[Show abstract][Hide abstract] ABSTRACT: To meet the HIV prevention needs of sex workers in India, some community-based organizations have begun integrating peer education and community mobilization into community-led structural interventions. As the role of community-based organizations continues to expand into new service areas, it is important to understand how these new interventions are received. This agency assessment was done in collaboration with Ashodaya Samithi in 2009. Ashodaya Samithi is a community-based organization led by female, male, and transgendered sex workers. In the past year, HIV-positive sex workers of Ashodaya have registered their own organization, known as Ashraya. Based on qualitative findings, this study describes how community-based organizations can play an important role in improving access to care and antiretroviral treatment for sex workers. The rapid growth of Ashraya and its success at fostering social solidarity and large-scale structural interventions hold valuable lessons for community-based organizations and public health practitioners working in the field of HIV/AIDS.
Journal of HIV/AIDS & Social Services 04/2012; 11(2):152-168. DOI:10.1080/15381501.2012.678132
[Show abstract][Hide abstract] ABSTRACT: There is a lack of information on sexual violence (SV) among men who have sex with men and transgendered individuals (MSM-T) in southern India. As SV has been associated with HIV vulnerability, this study examined health related behaviours and practices associated with SV among MSM-T.
Data were from cross-sectional surveys from four districts in Karnataka, India.
Multivariable logistic regression models were constructed to examine factors related to SV. Multivariable negative binomial regression models examined the association between physician visits and SV.
A total of 543 MSM-T were included in the study. Prevalence of SV was 18% in the past year. HIV prevalence among those reporting SV was 20%, compared to 12% among those not reporting SV (p = .104). In multivariable models, and among sex workers, those reporting SV were more likely to report anal sex with 5+ casual sex partners in the past week (AOR: 4.1; 95%CI: 1.2-14.3, p = .029). Increased physician visits among those reporting SV was reported only for those involved in sex work (ARR: 1.7; 95%CI: 1.1-2.7, p = .012).
These results demonstrate high levels of SV among MSM-T populations, highlighting the importance of integrating interventions to reduce violence as part of HIV prevention programs and health services.
PLoS ONE 03/2012; 7(3):e31705. DOI:10.1371/journal.pone.0031705 · 3.23 Impact Factor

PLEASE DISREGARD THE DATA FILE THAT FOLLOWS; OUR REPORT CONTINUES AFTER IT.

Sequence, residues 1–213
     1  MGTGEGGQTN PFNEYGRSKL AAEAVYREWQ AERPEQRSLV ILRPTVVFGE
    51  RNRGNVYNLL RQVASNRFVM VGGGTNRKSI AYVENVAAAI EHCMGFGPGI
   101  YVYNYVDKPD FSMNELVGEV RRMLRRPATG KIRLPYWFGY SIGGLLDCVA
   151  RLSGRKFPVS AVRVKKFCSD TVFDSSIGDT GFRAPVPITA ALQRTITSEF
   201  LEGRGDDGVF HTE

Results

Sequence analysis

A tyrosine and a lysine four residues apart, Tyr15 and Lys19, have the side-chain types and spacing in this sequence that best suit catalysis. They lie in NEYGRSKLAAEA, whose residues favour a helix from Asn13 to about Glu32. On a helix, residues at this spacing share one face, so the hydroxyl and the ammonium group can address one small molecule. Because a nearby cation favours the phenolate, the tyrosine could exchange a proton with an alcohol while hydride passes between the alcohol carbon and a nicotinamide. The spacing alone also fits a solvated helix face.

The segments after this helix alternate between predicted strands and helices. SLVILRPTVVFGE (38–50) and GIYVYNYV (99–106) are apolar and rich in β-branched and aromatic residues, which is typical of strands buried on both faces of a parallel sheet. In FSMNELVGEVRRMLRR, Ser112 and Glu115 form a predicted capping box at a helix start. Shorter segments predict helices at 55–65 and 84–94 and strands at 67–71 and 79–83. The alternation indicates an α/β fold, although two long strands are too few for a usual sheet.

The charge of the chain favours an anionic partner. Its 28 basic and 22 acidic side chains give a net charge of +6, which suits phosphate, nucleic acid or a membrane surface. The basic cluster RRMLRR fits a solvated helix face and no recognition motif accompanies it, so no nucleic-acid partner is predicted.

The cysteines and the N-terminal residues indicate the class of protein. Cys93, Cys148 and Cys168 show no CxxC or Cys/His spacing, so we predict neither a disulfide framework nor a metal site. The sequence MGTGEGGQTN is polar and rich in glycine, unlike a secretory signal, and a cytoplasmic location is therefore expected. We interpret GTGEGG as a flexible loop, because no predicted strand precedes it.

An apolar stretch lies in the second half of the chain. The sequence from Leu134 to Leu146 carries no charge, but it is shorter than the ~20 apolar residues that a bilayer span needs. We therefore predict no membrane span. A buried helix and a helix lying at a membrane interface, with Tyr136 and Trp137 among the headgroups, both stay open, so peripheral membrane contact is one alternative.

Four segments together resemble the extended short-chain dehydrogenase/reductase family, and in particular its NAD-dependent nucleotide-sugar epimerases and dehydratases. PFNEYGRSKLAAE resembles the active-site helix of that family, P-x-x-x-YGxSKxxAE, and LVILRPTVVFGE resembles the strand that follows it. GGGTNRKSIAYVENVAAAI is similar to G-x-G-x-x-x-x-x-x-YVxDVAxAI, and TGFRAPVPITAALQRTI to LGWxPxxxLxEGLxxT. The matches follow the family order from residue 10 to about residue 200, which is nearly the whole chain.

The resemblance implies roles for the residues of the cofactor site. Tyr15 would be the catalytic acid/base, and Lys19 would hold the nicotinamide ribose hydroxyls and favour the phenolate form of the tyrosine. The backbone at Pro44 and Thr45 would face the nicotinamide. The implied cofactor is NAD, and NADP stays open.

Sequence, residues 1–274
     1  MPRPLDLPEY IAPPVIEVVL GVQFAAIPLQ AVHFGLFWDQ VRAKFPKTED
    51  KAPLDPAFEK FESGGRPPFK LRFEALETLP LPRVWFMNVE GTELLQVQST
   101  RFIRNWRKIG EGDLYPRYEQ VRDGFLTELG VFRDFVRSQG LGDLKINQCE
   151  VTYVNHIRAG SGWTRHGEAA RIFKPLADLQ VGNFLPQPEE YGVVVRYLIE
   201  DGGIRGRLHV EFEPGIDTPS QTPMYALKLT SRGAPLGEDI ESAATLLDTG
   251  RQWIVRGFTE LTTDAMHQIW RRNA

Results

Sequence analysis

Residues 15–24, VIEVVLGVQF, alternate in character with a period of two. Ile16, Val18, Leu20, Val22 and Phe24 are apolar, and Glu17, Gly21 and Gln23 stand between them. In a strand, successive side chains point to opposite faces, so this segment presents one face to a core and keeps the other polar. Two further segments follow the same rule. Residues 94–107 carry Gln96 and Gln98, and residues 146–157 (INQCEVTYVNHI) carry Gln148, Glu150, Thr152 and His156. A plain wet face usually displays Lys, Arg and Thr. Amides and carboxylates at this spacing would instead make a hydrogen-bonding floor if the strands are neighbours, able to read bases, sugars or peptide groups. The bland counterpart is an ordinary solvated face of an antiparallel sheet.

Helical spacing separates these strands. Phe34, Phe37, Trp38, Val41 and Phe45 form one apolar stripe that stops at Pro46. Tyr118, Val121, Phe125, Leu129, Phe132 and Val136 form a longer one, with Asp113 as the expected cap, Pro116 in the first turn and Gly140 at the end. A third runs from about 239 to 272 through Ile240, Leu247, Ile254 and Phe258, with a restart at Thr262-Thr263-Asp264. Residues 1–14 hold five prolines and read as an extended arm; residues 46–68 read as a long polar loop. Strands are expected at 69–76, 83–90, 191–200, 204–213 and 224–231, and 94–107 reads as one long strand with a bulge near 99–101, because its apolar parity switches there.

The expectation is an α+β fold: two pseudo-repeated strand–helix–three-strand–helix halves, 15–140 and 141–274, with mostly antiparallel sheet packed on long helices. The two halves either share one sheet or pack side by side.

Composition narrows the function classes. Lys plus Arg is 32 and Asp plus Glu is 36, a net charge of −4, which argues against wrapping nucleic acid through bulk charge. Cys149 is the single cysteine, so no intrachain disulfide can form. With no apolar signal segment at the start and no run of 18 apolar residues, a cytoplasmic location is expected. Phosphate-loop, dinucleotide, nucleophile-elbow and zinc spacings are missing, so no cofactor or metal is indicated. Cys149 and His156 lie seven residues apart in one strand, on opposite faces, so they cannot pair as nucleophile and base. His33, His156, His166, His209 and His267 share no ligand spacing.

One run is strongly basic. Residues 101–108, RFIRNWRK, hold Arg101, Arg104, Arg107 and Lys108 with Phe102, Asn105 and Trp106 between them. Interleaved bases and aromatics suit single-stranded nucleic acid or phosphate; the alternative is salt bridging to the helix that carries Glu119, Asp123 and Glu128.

[Show abstract][Hide abstract] ABSTRACT: Increasing sex workers' (SWs) access to and utilisation of health care services is a key part of HIV prevention. An HIV prevention project in Mysore, India, has been particularly successful in fostering a new norm of health care seeking among local SWs while facilitating community ownership of health care delivery. This paper describes how the use of occupational health ideologies, along with the creation of enabling environments, facilitated the uptake of project healthcare services and transformed power relationships between SWs and their healthcare providers. These changes led Mysore's SWs to initiate health-enhancing actions that moved beyond project imperatives to serve self-identified community needs.
Global Public Health 03/2012; 7(7):779-91. DOI:10.1080/17441692.2012.668918 · 0.92 Impact Factor
[Show abstract][Hide abstract] ABSTRACT: Bhutan's sustained low HIV prevalence can be attributed to its political commitment to maintain isolation from foreign cultural influence. Recently, rising HIV prevalence has coincided with the increase in human traffic along Bhutan's borders. The majority of infections, occurring primarily through sexual contact, have appeared in the urban environments that are situated along the main transport routes. This qualitative study explored the sexual networks that form at entertainment venues in the capital city of Thimphu. To more fully understand sexual network formation at theses venues, one must take into account an emerging modernity that reflects a convergence of cultural, economic and political influences emanating from Bhutan's unique 'middle-path' modernisation scheme. The growing appearance of transactional sex in Thimphu not only points to an emergent form of exploitation wrought by larger economic transformations and widening social inequalities; the power inequalities that surround its practice are also significantly exacerbated by the local cultural politics and moral ideologies that arise as Bhutan proceeds along the path towards global capitalism. Discourses of Bhutanese sexual morality articulate with broader political economic transformations to forcefully position village women engaging in transactional sex within a field of power relations that leaves them open to various forms of subjugation.